Too much material, too much time devoted to said too much material, too much fragmentation, too little emotion and too little focus.
On its most basic level, "The Beloved Community" is about three 1960s Civil Rights Movement activists returning to a college campus for a symposium about that time in their lives. We find Ann on her lawn chair, relaxing, until weeds start "popping up" - or getting thrown by other actors around her - and she is forced to call her gardener, Pablo, for help. More than one person had told me that Ann represents the "earth mother" persona, so I was puzzled as to why an earth mother couldn't or wouldn't touch a weed. Ah, but no doubt the weeds represented what her life had become. Anyhow, she agrees to participate in the symposium.
Then we see Monique (Terri L. Carter), with the voice of the Rev. Dr. Martin Luther King Jr. in the background. Suddenly, a bunch of clocks begin donging, ala Pink Floyd - clever sound, again - until she agrees to participate in the symposium. Presumably, the donging clocks represent what Monique's life had become - but I could be wrong.
Finally, we meet Richard (John "Buck" Rogers), a neo-conservative whose walls move in on him before he agrees to attend the symposium.
At the college, the large student body boils down to five principals: Kwame, Bennett, Carla, Cassandra and Dylan (Tony Spalding Jr., McCann, Alina Klimkina, Vicki Cann and Chad Dike). All these fresh student faces onstage were as delightful as this occurrence was rare; I've rather become accustomed to seeing much of the same actors for four years, until they graduate. All the actors play multiple roles. The students play the activists as young people, and the older actors play other miscellaneous roles. Of course, there are echoes of their main characters in the other parts they play. I generally liked that aspect of "The Beloved Community," finding myself confused about which time frame we were in only on one or two occasions.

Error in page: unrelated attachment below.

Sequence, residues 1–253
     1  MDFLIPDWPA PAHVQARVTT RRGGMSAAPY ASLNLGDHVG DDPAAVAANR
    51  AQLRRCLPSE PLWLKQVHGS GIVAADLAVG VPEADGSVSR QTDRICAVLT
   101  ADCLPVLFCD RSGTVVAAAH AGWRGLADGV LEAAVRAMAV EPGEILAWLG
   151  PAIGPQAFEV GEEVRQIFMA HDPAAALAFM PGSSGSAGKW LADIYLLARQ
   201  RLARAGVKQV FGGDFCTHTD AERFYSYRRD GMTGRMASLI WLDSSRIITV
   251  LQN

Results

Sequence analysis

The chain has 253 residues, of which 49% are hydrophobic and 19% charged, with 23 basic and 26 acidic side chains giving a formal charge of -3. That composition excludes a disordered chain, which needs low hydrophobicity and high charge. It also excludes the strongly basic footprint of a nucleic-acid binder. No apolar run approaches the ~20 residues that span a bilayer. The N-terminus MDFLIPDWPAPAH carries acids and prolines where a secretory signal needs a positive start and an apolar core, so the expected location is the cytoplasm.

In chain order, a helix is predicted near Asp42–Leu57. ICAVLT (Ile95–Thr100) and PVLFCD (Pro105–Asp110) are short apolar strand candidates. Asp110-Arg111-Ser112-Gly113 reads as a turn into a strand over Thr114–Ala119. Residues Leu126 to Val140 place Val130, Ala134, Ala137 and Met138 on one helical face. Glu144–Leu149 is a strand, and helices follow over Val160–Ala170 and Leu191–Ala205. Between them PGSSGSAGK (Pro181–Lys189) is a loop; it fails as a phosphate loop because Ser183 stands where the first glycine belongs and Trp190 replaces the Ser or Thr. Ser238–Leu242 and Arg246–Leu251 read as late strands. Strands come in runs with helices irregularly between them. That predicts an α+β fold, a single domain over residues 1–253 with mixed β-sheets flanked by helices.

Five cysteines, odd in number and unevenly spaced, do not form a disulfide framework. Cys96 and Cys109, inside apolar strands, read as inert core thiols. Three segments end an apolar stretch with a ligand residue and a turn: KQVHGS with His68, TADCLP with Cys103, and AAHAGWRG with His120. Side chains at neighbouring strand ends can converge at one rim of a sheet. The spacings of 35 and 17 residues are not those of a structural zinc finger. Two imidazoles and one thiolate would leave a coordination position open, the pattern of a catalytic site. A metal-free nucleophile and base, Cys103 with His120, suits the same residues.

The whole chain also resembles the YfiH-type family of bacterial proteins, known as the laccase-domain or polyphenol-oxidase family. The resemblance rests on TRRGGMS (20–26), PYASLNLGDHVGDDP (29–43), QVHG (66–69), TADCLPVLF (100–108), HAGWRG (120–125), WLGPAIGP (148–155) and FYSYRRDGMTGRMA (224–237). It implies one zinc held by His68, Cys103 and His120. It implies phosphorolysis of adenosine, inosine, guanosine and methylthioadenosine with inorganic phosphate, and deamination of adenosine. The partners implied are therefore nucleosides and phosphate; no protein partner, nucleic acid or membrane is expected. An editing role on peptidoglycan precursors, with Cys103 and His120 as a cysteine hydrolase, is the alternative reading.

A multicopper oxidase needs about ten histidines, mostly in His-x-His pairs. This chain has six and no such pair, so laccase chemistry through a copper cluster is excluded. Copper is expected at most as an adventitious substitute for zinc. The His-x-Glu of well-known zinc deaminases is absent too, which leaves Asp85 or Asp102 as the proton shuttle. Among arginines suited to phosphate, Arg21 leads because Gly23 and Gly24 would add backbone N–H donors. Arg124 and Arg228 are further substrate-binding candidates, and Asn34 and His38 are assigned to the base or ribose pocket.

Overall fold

Describing everything "The Beloved Community" wants to be about is difficult. The characters explore issues of race, sexuality and drugs and make references to other important issues of the 1960s, such as the environment, politics, war and the people important to the Civil Rights Movement. Martin Luther King Jr. is quoted a lot, and his voice booms out regularly. Talk about your crash courses in the 1960s.
My potential obtusity aside, I never quite gathered what exactly this play wanted to tell me, though. I could write an entire essay that would take up a good full page of today's newspaper on what I think the play wanted me to consider, or believe. But I don't have that kind of space. I prefer a sharper focus, or a more concise point. And the lack of passion among the actors, a tepid ennui that generally permeated their actions and interactions, left me not really caring about what the play wanted. I wanted some genuine ardor - I rarely saw that. Either playwright Herman Daniel Farrell III didn't write in a great deal of passion, or director Anthony Haigh didn't direct the cast to be passionate about the subject matter.
I did pull some interesting points out of the play, based on memorable quotes from the actors: Ann's reference to a "circle of trust"; Bennett's allusion to the "multi-cultural, vulcanized mess, courtesy of the '60s"; Richard's "The rise of the Black Power Movement led to the downfall of the Civil Rights Movement"; Monique's reference to Sept. 11, 2001, to evoke the emotional impact of the murders of Civil Rights workers in the '60s, and her point that "the Promised Land never existed." The one other frequently used quote is Kwame's, "Everything is everything." I need to think about that one a while longer.